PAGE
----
- Remain flexible and embrace changing needs within the community.
- Maintain commitment to long-term collaboration efforts.
While you may not often see a public health nurse resuscitating a client by administering lifesaving medications or performing CPR, they do revive and improve communities by fostering mutual respect, demonstrating a spirit of humility, ensuring equity and inclusivity, and embracing change — all essential elements of community engagement.
And, it is through community engagement that past public health efforts were successful, and likely millions or more lives saved. These efforts include:
- The eradication and reduction in vaccine-preventable diseases
- Prevention and control of infectious diseases such as tuberculosis and HIV
- Decreasing birth defects by fortifying foods with folate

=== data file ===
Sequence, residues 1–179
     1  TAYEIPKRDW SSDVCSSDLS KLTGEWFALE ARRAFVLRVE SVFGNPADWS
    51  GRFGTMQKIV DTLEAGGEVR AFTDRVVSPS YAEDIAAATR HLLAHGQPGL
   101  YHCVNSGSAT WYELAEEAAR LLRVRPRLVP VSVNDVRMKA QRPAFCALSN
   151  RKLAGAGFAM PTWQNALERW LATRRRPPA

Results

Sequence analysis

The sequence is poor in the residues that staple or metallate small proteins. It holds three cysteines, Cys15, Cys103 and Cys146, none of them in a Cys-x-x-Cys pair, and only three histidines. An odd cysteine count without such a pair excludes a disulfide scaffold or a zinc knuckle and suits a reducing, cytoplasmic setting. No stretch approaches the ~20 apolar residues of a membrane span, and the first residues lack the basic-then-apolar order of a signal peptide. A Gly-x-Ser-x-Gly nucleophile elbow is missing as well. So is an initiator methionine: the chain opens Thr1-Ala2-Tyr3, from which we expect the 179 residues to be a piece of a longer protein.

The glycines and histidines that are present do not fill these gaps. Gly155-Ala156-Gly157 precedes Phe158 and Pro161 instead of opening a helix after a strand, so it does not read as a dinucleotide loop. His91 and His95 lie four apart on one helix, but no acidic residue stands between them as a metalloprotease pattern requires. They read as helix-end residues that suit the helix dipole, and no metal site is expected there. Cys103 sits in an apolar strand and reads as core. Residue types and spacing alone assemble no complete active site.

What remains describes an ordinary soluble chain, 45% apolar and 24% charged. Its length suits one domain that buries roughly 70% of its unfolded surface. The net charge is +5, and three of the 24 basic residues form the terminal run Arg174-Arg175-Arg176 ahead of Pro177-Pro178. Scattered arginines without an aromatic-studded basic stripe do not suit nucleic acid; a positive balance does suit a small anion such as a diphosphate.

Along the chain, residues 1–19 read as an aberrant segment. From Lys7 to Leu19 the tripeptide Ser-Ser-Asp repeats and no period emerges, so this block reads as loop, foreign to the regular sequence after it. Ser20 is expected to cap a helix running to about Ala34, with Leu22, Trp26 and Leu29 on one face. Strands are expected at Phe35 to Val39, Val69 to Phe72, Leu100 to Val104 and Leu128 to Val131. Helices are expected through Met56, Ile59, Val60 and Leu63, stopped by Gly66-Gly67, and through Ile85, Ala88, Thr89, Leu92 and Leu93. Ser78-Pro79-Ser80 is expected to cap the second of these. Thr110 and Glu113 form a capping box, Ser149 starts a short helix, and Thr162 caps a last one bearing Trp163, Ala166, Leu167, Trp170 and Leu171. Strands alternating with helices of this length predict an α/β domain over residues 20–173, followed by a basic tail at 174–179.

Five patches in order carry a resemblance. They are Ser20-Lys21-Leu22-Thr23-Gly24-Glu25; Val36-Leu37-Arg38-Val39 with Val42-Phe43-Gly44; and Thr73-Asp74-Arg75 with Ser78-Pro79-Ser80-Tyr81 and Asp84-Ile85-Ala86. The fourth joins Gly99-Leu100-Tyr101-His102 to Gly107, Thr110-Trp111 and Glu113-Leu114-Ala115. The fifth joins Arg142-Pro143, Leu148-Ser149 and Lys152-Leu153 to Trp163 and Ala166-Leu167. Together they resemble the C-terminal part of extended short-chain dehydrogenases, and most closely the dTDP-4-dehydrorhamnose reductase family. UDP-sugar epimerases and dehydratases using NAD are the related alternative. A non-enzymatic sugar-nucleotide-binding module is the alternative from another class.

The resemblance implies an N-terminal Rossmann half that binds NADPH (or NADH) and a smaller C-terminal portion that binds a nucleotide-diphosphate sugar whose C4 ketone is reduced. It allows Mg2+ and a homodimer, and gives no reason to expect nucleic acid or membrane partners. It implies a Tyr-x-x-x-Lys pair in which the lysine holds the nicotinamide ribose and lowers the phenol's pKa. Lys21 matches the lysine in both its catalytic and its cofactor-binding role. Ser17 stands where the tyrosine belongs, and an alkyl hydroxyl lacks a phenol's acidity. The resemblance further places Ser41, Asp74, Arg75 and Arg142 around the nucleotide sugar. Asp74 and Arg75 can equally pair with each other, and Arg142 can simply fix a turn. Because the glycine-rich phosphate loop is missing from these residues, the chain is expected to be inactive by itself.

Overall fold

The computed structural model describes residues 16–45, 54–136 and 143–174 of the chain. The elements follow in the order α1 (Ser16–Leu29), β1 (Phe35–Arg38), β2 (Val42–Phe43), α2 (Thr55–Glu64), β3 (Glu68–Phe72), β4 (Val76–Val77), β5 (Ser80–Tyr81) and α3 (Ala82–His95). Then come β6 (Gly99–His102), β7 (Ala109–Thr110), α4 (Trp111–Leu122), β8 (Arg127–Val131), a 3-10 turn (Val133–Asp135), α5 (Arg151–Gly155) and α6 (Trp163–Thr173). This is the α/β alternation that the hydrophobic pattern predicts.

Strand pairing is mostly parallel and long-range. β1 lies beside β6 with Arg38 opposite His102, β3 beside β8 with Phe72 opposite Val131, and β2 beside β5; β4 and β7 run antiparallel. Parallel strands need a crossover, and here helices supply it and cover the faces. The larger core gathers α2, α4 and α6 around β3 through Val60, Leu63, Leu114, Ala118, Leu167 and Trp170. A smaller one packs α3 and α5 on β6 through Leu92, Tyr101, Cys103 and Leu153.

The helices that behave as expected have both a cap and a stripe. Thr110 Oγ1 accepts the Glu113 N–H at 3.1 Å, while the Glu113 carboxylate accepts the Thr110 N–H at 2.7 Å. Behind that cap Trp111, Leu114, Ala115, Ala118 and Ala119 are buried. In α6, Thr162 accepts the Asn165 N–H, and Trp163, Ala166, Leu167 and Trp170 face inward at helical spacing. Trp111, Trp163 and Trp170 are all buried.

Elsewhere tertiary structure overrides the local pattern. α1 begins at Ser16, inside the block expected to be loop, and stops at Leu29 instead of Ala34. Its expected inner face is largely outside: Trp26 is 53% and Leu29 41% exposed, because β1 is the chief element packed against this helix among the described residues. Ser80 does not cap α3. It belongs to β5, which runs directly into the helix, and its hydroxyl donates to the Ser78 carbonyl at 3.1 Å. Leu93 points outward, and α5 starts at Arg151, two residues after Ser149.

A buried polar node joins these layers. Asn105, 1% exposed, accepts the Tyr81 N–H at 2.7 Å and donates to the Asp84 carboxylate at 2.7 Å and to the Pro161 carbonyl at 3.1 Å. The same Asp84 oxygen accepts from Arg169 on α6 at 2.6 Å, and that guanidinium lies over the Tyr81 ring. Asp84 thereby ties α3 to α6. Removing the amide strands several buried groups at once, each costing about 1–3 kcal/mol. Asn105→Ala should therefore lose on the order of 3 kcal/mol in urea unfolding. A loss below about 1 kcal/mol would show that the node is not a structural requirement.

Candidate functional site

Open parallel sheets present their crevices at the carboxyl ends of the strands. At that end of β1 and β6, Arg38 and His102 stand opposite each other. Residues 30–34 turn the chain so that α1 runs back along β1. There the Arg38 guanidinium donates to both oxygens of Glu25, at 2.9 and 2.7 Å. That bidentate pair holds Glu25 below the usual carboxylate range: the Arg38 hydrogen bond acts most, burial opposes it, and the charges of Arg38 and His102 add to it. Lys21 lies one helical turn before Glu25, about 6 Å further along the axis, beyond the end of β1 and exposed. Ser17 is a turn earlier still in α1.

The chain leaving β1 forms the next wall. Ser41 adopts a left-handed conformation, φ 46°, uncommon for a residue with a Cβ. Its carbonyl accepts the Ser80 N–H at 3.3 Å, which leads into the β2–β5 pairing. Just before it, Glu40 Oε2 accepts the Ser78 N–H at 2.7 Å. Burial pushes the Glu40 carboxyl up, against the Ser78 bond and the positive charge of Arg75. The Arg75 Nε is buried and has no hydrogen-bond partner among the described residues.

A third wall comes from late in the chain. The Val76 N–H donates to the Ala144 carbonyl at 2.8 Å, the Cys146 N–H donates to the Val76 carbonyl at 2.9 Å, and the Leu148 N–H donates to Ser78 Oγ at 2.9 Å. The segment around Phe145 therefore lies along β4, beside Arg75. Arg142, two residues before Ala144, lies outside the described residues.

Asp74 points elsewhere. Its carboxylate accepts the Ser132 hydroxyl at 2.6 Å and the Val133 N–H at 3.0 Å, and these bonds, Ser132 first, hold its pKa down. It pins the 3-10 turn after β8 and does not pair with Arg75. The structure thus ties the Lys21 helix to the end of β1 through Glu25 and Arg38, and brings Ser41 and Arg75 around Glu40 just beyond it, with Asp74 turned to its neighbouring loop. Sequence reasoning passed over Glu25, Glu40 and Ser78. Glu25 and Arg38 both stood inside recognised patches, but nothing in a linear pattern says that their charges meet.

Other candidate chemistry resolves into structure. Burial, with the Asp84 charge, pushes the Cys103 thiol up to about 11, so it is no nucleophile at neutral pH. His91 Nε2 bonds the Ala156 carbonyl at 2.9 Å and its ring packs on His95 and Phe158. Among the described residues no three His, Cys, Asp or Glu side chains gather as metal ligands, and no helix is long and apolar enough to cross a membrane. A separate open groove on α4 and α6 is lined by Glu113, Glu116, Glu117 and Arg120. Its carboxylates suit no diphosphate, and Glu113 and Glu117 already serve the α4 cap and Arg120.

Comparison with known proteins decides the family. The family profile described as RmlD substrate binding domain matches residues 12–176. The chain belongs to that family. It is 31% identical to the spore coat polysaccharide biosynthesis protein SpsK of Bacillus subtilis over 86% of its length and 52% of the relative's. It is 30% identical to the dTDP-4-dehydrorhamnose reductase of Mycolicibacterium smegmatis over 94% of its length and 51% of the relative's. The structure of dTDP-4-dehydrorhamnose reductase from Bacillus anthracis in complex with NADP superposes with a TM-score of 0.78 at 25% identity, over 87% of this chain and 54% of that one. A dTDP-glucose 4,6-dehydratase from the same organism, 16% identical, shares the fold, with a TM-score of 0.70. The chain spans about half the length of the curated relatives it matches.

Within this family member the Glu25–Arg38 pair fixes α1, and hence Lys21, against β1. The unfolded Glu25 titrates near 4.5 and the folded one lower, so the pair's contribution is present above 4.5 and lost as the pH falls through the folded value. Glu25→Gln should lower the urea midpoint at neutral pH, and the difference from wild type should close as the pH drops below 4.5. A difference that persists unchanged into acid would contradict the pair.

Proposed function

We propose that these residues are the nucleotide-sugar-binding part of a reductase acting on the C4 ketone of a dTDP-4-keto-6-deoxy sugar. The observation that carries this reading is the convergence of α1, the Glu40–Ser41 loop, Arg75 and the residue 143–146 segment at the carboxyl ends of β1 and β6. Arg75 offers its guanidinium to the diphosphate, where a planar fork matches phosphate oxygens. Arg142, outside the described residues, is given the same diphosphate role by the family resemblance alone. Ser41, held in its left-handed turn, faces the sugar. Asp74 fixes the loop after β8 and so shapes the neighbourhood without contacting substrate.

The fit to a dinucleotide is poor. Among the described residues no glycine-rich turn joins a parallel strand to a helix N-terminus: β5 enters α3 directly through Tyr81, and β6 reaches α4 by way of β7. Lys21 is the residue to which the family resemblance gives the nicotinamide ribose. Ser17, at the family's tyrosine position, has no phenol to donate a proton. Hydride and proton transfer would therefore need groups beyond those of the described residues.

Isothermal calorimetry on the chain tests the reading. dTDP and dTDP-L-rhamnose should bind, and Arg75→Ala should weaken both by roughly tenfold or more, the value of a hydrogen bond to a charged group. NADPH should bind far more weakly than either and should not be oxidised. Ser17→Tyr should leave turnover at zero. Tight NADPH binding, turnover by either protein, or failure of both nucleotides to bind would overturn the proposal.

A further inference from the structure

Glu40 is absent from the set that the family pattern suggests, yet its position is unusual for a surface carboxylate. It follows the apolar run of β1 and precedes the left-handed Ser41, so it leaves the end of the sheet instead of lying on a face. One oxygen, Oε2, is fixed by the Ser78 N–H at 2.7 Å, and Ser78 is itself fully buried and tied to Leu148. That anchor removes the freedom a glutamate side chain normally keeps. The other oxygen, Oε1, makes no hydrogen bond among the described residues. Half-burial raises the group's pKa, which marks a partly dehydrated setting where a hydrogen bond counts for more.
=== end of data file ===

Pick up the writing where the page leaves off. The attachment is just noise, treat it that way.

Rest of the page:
- Prevention and early identification of childhood lead poisoning
- Motor vehicle safety
- Targeted efforts to prevent or diagnose cancers sooner.
As COVID-19 has proven to us all, there is always more work to do. But, undoubtedly, public health nurses are up to the challenge, and using community engagement strategies effectively will help to ensure public health successes that mirror those of the past.
If you have students considering a future in public health, share this article to help them understand the significant impact they can make.
IN CELEBRATION OF NURSES MONTH, ATI IS PROUD TO SPONSOR KEYNOTE SPEAKER JOHN O’LEARY IN A SPECIAL EVENT
You can view an encore presentation of John’s keynote — which originally took place Wednesday, May 19 — in ATI Academy through July 31. Simply search the Content Library for “ATI Talk.”